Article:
Conferences – Kamakshi Dadhwal

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The SEPA 2018 annual conference was the first time I showcased my original research on a poster. There is a common understanding in the academic world that poster presentations are the most casual and easy part of any conference. This understanding did not stop me from being excited or anxious as I drove to Charleston. My poster was scheduled to be in the third and last poster session, which means I had plenty of time to not only fret over my knowledge of my own research but also attend the other poster sessions to get an idea of what was coming my way.

It took me all of five minutes, after I entered the first session, to realise that I was in the soup. Here was a room packed with people from various sub-fields of psychology, with different interests, and belonging to a wide variety of backgrounds. While it was overwhelming to be amidst the products of so many research initiatives, my anxiety transformed with each poster into an appreciation of the opportunity that I received through the support of the Honors Program at UT.

I learned a tremendous amount about the current research avenues of Psychology from just being in the presence of scholars and fellow college students who presented their research or led a discussion group at the conference. Moreover, I was able to visit some of the interesting historic and natural sites that Charleston has to offer. The Honors Program encouraged my endeavour to develop my own research and helped me achieve my goal to present at a conference, for which I am incredibly grateful.

Making News – Bailey McQueen

John and Bailee McQueen prepare to scatter the ashes of a homeless person in the Gulf of Mexico last summer. John McQueen scatters the unclaimed indigent after 120 days when no one comes forward to say they were related to the deceased.

Honors student Bailey McQueen was recently featured in a Tampa Bay Times article on the homeless in Tampa Bay. She occasionally helps her father, John McQueen, dispose of the ashes of homeless individuals whose remains have not been claimed by family in the Gulf of Mexico.

Making News – Carla Shapira on Emotional Intelligence and Leadership

Honors Council President, Carla Shapira, was recently featured on the front page of UT. The primary focus of the article was on Carla’s interest in emotional intelligence and its connection to leadership. The article also noted how that interest aligned with her participation in the annual George C. Marshall Leadership Seminar at Fort Leavenworth, KS. The article also described Carla’s future plans in the Army.

Honors Symposia – Dr. Vanessa Rukholm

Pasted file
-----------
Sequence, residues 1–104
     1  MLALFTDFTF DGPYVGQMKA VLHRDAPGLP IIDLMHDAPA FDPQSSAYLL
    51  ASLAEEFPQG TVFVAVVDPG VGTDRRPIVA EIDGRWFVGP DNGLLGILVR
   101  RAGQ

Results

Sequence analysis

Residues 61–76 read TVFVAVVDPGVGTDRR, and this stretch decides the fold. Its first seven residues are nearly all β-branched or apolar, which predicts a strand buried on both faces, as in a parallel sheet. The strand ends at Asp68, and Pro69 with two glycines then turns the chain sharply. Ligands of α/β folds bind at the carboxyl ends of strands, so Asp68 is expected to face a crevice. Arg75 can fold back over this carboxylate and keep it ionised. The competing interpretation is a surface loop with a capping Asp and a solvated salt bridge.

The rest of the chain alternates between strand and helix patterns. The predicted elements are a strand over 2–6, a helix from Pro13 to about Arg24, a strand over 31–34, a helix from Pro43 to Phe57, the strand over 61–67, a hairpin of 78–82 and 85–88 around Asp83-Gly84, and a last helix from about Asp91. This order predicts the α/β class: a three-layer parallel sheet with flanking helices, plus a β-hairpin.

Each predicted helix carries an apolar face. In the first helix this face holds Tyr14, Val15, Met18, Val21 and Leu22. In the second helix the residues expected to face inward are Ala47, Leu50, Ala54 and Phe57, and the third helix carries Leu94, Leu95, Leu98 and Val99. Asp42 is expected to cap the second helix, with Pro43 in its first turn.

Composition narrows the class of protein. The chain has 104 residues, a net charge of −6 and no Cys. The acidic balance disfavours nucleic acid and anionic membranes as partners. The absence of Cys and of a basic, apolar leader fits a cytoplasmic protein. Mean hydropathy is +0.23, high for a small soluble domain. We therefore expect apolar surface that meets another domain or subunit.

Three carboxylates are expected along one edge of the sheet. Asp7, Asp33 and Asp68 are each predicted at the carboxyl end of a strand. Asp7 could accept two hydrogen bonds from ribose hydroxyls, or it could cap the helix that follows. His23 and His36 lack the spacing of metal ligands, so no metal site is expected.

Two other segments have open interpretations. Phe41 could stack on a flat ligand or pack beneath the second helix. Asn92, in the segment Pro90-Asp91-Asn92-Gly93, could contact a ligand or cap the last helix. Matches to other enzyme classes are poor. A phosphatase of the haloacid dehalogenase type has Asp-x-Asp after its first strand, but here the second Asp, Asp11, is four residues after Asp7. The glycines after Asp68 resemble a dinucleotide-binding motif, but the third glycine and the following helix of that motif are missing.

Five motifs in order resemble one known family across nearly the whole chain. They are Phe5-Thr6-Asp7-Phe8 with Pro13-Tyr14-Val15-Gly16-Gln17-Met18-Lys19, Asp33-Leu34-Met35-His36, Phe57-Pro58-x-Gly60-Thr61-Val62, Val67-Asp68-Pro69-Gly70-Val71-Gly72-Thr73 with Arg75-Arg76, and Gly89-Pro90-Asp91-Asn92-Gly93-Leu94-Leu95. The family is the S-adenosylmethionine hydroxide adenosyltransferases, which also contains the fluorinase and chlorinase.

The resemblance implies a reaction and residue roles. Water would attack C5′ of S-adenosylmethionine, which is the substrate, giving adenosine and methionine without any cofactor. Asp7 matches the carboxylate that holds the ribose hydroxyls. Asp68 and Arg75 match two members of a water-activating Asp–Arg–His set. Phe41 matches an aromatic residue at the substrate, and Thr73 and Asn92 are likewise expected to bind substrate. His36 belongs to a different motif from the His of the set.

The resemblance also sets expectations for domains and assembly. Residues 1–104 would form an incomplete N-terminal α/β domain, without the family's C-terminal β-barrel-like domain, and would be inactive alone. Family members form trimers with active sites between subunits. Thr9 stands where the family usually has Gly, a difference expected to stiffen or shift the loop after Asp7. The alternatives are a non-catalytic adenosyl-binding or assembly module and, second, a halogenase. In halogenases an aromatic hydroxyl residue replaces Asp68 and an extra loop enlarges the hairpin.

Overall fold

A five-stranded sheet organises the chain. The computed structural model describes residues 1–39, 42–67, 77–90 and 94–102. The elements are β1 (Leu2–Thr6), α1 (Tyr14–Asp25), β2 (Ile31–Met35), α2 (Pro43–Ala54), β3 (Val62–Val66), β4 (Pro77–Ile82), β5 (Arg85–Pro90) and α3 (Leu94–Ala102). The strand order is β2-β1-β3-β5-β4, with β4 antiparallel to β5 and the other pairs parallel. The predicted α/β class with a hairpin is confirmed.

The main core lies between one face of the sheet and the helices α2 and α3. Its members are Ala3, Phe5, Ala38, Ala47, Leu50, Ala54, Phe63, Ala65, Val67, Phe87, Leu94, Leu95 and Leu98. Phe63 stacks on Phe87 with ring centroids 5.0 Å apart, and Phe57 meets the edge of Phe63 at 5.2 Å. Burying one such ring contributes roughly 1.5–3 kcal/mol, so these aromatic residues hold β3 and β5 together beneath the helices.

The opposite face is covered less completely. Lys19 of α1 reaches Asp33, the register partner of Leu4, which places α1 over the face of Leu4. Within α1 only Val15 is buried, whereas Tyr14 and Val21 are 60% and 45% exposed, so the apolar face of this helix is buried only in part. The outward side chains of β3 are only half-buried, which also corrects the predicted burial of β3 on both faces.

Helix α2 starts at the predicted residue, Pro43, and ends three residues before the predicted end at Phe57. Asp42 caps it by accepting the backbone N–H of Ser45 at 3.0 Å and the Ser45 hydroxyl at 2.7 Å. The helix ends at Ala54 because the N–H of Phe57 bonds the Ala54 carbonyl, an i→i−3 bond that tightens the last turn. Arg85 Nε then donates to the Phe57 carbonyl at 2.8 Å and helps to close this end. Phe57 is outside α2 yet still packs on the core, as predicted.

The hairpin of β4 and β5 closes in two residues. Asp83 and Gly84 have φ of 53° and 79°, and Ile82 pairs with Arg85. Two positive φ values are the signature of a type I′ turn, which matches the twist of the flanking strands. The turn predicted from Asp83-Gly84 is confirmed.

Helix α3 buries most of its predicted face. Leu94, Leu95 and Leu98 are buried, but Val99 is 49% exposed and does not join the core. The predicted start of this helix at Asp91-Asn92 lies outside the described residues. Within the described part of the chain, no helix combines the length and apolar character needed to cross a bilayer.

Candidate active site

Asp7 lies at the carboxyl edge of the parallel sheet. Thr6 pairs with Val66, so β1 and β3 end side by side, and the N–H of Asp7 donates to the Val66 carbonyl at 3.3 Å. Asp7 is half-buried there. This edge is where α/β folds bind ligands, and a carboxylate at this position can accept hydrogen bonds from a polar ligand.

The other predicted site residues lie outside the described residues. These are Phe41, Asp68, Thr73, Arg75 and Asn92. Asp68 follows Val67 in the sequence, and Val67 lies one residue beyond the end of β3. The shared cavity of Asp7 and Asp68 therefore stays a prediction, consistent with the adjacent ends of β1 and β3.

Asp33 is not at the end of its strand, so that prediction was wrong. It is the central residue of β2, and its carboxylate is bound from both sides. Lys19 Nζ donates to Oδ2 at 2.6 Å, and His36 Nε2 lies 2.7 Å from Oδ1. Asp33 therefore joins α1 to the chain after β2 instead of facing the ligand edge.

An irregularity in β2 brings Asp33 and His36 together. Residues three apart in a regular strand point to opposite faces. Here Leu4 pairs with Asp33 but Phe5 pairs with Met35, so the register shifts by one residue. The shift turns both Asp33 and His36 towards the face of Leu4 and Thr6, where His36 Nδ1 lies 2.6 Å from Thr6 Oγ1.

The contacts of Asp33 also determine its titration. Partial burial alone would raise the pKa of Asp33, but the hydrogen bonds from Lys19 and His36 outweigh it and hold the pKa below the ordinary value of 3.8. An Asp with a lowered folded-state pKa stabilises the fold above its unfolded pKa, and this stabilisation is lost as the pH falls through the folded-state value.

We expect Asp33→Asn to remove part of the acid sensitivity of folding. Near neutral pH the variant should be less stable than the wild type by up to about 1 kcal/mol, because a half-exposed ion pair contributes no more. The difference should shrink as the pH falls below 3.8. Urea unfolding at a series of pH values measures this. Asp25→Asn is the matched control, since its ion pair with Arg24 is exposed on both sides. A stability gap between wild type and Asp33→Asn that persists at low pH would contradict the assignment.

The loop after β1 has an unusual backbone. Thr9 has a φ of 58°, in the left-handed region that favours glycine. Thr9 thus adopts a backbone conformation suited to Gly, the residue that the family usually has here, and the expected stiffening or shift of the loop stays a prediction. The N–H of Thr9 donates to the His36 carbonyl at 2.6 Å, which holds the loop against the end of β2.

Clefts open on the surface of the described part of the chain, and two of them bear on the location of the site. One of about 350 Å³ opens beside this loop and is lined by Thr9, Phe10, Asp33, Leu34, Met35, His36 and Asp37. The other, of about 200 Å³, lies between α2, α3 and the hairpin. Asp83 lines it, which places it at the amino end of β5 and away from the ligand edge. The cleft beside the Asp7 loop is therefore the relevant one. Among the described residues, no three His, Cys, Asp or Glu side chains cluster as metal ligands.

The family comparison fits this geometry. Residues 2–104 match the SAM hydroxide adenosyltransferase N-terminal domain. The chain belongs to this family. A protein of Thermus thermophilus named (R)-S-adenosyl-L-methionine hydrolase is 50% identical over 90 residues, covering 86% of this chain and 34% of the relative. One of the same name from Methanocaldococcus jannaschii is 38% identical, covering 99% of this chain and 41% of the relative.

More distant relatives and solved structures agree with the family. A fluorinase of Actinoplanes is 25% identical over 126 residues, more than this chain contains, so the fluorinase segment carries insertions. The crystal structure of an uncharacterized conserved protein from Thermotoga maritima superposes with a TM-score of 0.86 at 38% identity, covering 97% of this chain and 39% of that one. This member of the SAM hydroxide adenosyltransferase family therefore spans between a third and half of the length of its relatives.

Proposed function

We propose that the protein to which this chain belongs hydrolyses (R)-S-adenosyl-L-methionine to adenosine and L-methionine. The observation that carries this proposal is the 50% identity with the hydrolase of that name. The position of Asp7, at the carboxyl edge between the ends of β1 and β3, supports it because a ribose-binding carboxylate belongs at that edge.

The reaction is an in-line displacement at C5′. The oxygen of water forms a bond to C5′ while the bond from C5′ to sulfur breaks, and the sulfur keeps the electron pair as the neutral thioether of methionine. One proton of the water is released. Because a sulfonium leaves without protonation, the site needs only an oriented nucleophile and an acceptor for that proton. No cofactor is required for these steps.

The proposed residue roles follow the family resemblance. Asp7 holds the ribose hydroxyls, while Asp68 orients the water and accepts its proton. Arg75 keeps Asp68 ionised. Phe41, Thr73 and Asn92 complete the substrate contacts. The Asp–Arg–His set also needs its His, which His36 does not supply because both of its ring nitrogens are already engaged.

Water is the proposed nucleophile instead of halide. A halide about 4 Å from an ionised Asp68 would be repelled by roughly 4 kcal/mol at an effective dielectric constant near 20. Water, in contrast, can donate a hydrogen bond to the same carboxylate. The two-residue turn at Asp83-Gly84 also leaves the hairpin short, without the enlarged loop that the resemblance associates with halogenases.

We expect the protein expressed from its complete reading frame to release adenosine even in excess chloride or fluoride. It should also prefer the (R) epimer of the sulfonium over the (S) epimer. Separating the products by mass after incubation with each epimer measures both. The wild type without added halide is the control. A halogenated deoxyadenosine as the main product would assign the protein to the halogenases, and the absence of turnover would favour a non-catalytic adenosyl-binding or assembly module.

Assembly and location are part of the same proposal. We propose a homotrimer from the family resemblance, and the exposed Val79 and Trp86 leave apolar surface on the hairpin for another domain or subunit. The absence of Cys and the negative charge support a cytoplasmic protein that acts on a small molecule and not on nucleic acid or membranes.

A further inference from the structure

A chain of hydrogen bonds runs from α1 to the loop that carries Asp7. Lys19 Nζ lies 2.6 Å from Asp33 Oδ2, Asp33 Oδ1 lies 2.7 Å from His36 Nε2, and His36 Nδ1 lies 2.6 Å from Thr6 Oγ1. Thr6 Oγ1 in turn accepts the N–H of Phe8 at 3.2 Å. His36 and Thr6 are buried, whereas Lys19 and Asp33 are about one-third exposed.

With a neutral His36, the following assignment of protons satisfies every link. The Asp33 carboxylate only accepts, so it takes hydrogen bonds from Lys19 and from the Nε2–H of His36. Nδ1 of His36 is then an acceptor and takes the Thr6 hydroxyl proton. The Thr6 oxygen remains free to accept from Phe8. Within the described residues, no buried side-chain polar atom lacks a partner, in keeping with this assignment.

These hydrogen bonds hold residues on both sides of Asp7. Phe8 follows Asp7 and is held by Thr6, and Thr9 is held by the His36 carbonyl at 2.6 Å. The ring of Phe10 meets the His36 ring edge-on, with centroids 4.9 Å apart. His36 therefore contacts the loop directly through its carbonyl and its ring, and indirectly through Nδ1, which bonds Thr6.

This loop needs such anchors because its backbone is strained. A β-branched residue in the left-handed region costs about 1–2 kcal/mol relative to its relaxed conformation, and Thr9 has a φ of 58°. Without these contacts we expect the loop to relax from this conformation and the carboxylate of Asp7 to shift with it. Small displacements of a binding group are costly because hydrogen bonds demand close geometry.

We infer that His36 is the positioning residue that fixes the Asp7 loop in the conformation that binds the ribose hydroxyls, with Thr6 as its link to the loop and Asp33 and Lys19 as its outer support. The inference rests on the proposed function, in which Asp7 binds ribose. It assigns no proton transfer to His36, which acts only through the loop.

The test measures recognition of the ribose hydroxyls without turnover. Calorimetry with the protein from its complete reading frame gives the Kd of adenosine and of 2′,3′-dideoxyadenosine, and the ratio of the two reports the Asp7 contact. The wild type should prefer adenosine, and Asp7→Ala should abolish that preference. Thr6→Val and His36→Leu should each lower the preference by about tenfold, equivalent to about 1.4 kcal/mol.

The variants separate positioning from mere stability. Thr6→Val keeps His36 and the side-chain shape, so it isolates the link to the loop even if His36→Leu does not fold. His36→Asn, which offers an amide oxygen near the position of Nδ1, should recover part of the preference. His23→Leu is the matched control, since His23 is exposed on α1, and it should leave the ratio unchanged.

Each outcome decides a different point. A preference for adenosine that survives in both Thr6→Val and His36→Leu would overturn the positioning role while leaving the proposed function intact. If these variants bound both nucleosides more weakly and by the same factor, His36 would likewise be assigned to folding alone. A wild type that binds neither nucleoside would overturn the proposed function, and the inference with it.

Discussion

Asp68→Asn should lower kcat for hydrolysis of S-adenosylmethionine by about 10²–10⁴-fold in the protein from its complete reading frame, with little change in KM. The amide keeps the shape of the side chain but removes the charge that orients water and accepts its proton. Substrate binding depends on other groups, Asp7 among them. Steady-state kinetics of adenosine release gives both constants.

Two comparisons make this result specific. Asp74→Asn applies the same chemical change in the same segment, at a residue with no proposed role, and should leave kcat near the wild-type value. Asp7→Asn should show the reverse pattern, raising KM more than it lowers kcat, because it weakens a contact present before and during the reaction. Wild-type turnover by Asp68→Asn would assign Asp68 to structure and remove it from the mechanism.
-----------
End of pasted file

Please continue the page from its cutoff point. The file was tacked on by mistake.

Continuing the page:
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On Thursday, March 1st, Dr. Vanessa Rukholm, of UT’s Department of Languages and Linguists, presented, “I can’t get you out of my head: popular music and second language learning.” Dr. Rukholm discussed some of the history of music and noted that music has long been an important element of human culture. The presentation also explored language acquisition and then combined the two, culminating in a discussion of how language may help facilitate second language learning.

Oxford – Nicole Rothmeyer

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Things are going great over here in Oxford. The tutorials I am taking are Community Ecology and Marine Vertebrate Zoology and I love both of them. With my Community Ecology tutorial, my tutor is having me do research to study the distribution of two butterflies that are native to the UK. We are using mathematical models to determine if distance affects the competition between the species. In my marine vertebrate zoology tutorial, some of the topics I have explored are life in the deep sea and how the vertebrates have evolved to live in the sea. My tutors push me to think outside the box or in my case, think outside the submarine, to make connections that I had never even begun to think about.

In addition to school, I have been able to do a few extracurricular activities as well. I took a trip to London to visit Westminister. I was able to see the Abbey, Trafalgar Square, and the beautiful Buckingham Palace. I also have taken a trip to visit Cambridge, which is also known as “the other place” to see how it differs from the bustling city of Oxford. While there is a competition between which University is better, I think both have qualities that make them equally great.

One thing that is great about Oxford (and many of the cities in the UK) is that most of the museums are free, so when I need to take a quick break from studying I can pop into a museum without having to spend the whole day there. My favorite museum I have visited so far is the History of Science museum. They have a wide variety of different tools they used to study Science, Mathematics, and Physics in prior times and they show how the tools developed into the ones we use today.

My favorite extracurricular I have done so far while here in Oxford is joining the rowing team at Christ Church. I should inform you that I have never done rowing before coming here, so it was a very tough few practices (and many sore days after) as I had to learn how to row from scratch and my body had to adjust to using different muscles. However, I have loved the challenge of learning this new skill and it has been a great way to meet the people in my college and get away from my studies.

This experience so far has been unbelievable and I have to keep reminding myself that this is in fact real life.